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Quant Concepts: Short Squeeze Strategy

This quantitative approach to speculative investing from Brandon Strong can capture some of the outrageous returns we've been seeing when shorts are forced to sell.

Brandon Strong 19 August, 2022 | 11:56AM
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Brandon Strong: Welcome to Quant Concepts. During the earlier periods of the COVID-19 outbreak, retail investors experienced a trading phenomenon that has never been seen before. Stocks that were speculative in nature and were seen to be poor investments had triple-digit returns in a matter of weeks. The colossal return stemmed from a condition known as a short squeeze. A short squeeze accelerates a stock's price rise as short sellers bail out to cut their losses. For example, GameStop Corporation saw their shares go from US$4 in July of 2020 to US$325 in January of 2021, with no significant change in fundamentals.

So, today, we want to explore a strategy that can potentially capture the returns of an occurrence as the one we saw in 2020. This strategy is speculative and is only intended to highlight the fundamental and technical attributes of stocks during a short squeeze period.

Let's start by ranking our universe of around 2,000 stocks. So, in the ranking step, we are going to look at four different factors, which you can see here. And the first factor is short interest as a percentage of shares outstanding, which compares the shorted shares to all shares outstanding, and this factor is necessary as we want stocks with the highest short interest. Next, we have price change from one month ago or price change month-to-date which takes the latest price of the stock and compares it with the price of the stock ending one month ago. This factor will help capture the short-term price momentum that we are looking for in this strategy. Next, we have price relative to the 200-day moving average and price relative to the 150-day moving average. And just as we saw with the factor price change from one month ago, this factor aids in capturing momentum. However, this captures the periods of price appreciation for a five to seven-month period rather than a one-month period. 

Let's run through the screening process. So, as you can see here, we are only going to select stocks that are in the 70th percentile of our list, and most of the factors listed below are screening on short interest, as we want our stocks ready to be squeezed. Five of the seven factors have a screen of greater than or equal to 0, meaning that their price appreciation needs to be at least positive. And specifically, price change from 12 months ago is capped to less than 700% as we would be at a point where we would no longer want to be invested as it's likely that we are already at the highest percentage for that stock's appreciation, and we would most likely need to be out at this time anyways.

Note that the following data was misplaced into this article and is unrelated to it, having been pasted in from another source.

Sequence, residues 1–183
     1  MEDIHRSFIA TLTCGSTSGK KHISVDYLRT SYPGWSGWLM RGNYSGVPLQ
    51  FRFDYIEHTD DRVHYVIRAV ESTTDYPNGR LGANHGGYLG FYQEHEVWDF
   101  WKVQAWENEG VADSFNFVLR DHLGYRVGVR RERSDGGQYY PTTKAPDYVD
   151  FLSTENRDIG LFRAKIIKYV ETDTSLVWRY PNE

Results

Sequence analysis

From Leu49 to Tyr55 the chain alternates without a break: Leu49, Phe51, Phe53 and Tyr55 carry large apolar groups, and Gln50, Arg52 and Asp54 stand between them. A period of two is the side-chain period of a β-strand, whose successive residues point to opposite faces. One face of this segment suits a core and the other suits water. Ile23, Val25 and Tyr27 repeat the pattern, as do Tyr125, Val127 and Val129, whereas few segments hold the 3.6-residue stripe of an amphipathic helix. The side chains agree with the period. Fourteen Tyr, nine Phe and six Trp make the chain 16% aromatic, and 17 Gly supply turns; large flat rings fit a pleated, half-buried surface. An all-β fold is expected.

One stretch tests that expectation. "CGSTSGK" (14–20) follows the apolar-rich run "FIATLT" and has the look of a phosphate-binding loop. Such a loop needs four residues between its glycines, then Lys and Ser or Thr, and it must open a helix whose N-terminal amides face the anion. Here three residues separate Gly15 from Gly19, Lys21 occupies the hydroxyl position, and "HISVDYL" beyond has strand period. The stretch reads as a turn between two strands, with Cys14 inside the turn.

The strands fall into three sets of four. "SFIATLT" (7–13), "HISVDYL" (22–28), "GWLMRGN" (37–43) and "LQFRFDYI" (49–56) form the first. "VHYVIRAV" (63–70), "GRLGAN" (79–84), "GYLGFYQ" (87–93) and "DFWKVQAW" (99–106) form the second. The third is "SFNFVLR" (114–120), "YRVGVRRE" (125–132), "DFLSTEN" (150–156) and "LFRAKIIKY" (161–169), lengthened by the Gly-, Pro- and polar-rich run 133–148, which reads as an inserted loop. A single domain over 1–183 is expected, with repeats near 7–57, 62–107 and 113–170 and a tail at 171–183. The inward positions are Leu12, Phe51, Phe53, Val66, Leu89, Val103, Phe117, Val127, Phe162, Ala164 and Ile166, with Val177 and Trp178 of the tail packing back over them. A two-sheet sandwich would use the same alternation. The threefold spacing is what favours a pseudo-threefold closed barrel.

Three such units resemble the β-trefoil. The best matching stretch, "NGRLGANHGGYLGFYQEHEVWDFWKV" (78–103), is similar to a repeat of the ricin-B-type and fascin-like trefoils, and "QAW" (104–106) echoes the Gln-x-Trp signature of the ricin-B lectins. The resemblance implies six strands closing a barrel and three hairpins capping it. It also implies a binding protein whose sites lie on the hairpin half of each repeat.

Next, I'd like to take a look at our sell rules. And we are going to remove stocks that fall below the 70th percentile of our list on the sell side. And as we saw with our buy rules, we want to exclude any stocks with negative price appreciation, so 0%, 0% and 0% here. Negative price momentum will prevent us from achieving the desired result of a short squeeze and that's why we included these screens on the sell side.

Now, let's take a look at our back test page. So, in our back test, we started the period from January 2007 and ran it until July 2022. And over that time period, we've seen significant outperformance in each timeframe. The turnover is quite high for our strategy. But this is acceptable for the short-term price momentum style we have created here. Additionally, the standard deviation and downside deviation of this strategy is extremely high. And this ultimately makes sense because we are tailoring the strategy to capture unfavored and highly speculative stocks.

So, if I go over to the portfolio section and I scroll down to the middle here, somewhere in between 2020 and 2021, we can see that some of the stocks that we picked up were GameStop Corporation, Plug Power, Qualcomm and AMC Theatres. And as we know, these stocks are very, very speculative in nature and had the price run-up during that period.

Now, going back to the summary page, looking at the alpha percentage section right here on the right, we can see the significant alpha generated over the testing period. So, significant alpha, excess return generated from these speculative names that we were holding during 2020 and 2021. The Sharpe Ratio is somewhat in line with the benchmark here. We can try to improve our risk-adjusted returns. However, this strategy is intended to hold a lot more risk.

I also like to take a look at the market capture ratios below. So, here, pretty interesting, but we can see that this strategy has a notable upside capture ratio of about 81% and a solid downside capture ratio, which is greater than 50%. However, this does not mean that this strategy will hold up on the long run. It's just something to take a look at and see how could I potentially capture some of these outrageous returns during a period of short squeeze.

Appreciate everyone for watching. Please make sure to check out the buy list accompanying the transcript of this video. Thank you all for watching.

From Morningstar, I'm Brandon Strong.

Find the buy list here.

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About Author

Brandon Strong  is Business Development Associate for CPMS.

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